SpaceX Breaks Ground on New Texas Spaceport, SpaceRef Business [Download artist illustrations]
"Today SpaceX broke ground for the development of their new Texas spaceport at Boca Chica Beach. Along with CEO Elon Musk, Texas Governor Rick Perry and other dignitaries were in attendance."
Video of the event has been added.Categories: Commercialization
Emerging Space: The Evolving Landscape of 21st Century American Spaceflight, PDF, NASA Office of the Chief Technologist
"Crowdfunding offers space organizations avenues for fundraising outside traditional institutional methods. Sites like Kickstarter.com, Rockethub.com, and Indiegogo.com allow space companies to tap the financial resources of private citizens interested in space exploration. In addition to providing crucial funds for the companies, crowd funding allows citizens to directly engage in space exploration by funding the projects that interest them. The number of these projects continues to grow. Table 4 provides a few prominent examples known at the time of printing. ... ISEE-3, a NASA probe launched in 1978, became the first spacecraft in deep space to be operated by a private-sector organization thanks in part to a crowd funding campaign."
Keith's note: When you add ISEE-3 Reboot Project ($160K) and Lunar Orbiter Image Recovery Project ($62K) together (both conducted by the same team) over $222,000 has been raised via crowdfunding. Click on image to enlarge.
Meanwhile, since its inception several years ago, CASIS has raised only $14,550 in cash. We often raised that much in a day or two.Categories: ISEE-3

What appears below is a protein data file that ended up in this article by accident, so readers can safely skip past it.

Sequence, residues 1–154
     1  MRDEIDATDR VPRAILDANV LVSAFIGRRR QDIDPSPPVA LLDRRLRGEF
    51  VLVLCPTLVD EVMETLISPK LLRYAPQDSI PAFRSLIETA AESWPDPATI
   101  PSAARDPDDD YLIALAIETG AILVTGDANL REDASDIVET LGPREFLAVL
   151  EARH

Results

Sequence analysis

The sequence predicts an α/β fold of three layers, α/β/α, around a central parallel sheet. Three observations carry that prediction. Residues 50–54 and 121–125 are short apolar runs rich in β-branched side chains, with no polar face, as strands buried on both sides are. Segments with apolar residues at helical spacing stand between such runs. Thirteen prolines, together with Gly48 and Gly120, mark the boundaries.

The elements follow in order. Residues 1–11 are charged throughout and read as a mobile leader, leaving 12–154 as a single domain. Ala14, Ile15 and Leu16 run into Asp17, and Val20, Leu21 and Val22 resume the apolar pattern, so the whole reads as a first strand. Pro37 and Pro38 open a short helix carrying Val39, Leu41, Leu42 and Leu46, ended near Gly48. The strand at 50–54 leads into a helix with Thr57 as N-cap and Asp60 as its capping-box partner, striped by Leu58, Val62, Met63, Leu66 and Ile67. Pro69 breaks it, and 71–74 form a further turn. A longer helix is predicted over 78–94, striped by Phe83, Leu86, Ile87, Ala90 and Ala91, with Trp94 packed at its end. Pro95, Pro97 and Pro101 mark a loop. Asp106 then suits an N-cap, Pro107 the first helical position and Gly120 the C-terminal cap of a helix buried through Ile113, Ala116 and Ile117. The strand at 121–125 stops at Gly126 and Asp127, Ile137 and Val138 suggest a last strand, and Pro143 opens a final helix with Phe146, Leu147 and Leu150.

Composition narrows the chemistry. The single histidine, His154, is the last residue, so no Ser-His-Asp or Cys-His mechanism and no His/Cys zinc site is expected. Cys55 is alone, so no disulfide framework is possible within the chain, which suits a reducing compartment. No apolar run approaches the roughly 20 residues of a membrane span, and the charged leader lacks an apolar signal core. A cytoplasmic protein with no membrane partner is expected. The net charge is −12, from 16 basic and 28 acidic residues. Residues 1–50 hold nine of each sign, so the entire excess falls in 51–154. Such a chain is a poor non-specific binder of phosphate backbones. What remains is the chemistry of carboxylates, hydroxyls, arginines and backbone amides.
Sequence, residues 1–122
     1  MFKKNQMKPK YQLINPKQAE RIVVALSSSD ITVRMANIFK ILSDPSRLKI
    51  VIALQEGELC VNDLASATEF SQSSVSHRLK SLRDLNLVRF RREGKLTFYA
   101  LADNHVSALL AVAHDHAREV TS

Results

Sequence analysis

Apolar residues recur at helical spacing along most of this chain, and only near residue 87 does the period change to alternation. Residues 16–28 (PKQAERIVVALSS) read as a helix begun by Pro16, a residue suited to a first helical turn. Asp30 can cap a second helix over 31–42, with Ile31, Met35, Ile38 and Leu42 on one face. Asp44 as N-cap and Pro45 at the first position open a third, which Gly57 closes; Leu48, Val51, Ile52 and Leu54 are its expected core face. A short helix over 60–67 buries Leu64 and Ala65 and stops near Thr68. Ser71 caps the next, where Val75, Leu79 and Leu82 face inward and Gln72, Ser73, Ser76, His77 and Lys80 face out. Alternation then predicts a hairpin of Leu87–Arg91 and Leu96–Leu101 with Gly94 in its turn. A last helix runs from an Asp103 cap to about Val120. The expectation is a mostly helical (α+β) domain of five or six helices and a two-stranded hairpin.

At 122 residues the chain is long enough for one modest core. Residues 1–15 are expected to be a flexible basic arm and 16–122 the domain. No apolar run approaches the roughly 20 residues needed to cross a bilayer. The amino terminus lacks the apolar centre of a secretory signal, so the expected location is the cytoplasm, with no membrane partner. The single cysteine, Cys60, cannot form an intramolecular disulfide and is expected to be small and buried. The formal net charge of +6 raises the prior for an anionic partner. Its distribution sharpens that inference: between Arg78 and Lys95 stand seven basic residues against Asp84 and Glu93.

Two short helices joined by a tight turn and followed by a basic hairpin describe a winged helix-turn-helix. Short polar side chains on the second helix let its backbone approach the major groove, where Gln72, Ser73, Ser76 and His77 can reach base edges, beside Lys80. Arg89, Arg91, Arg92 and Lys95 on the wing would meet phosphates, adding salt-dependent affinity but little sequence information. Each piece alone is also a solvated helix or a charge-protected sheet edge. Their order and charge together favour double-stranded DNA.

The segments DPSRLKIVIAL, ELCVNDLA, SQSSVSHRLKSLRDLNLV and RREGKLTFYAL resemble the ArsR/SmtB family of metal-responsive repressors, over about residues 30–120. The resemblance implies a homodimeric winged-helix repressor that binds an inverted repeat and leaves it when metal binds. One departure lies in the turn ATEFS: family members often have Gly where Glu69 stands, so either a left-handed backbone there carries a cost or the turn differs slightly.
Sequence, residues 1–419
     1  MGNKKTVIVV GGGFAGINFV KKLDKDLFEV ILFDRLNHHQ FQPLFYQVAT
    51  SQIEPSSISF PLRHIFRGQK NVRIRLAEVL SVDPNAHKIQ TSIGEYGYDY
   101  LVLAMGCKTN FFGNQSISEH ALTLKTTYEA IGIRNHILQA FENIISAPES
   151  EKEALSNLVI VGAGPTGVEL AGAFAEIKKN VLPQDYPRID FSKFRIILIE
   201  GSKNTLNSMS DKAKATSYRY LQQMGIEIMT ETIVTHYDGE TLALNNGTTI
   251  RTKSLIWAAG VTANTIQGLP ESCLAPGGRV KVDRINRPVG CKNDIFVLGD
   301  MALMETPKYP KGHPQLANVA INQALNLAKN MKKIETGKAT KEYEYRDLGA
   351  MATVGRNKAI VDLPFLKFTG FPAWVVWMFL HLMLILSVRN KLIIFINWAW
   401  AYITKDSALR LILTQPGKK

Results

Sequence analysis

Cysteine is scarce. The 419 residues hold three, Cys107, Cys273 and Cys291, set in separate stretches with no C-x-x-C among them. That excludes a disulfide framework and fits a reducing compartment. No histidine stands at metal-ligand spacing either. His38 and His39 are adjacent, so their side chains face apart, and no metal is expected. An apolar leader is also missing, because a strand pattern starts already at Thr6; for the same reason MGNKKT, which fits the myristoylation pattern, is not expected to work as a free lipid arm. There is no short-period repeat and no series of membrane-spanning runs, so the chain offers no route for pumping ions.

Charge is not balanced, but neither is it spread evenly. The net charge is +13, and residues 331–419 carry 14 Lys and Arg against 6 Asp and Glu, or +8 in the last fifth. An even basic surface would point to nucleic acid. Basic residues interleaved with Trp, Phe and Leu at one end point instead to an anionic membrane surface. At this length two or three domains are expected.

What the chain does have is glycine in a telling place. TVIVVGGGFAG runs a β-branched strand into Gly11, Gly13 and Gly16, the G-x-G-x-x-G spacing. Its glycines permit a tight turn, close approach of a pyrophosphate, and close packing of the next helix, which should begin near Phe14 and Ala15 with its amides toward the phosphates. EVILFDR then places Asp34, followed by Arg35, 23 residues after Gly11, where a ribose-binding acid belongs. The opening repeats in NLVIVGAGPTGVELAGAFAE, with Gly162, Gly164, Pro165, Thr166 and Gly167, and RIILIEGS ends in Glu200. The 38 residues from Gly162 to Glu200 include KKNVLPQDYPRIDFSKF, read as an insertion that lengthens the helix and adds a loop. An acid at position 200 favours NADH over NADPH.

"NASA's Mars Atmosphere and Volatile Evolution (MAVEN) spacecraft successfully entered Mars' orbit at 10:24 p.m. EDT Sunday, Sept. 21, where it now will prepare to study the Red Planet's upper atmosphere as never done before. MAVEN is the first spacecraft dedicated to exploring the tenuous upper atmosphere of Mars."Categories: Space & Planetary Science
"The spacecraft's 2.5 tons of supplies, science experiments, and technology demonstrations includes critical materials to support 255 science and research investigations that will occur onboard the station."
Includes the post-launch briefing news conference.Categories: Commercialization, ISS News
"The U.S. Senate passed a short-term funding bill for the federal government Sept. 18, one day after the House of Representatives passed the same bill, but both houses delayed consideration of several space-related bills, in some cases until the next Congress."Categories: Budget, Congress
"Boeing and SpaceX both have new displays standard on every model. But Keith Cowing says there is a difference in the way they look. The Boeing one does harken back to Apollo," he says. "The SpaceX one, I've been in there, and it's got a sci-fi vibe to it." SpaceX does look sleeker, and it'd be his first choice. But honestly? He'd fly in either one, if it meant going to space."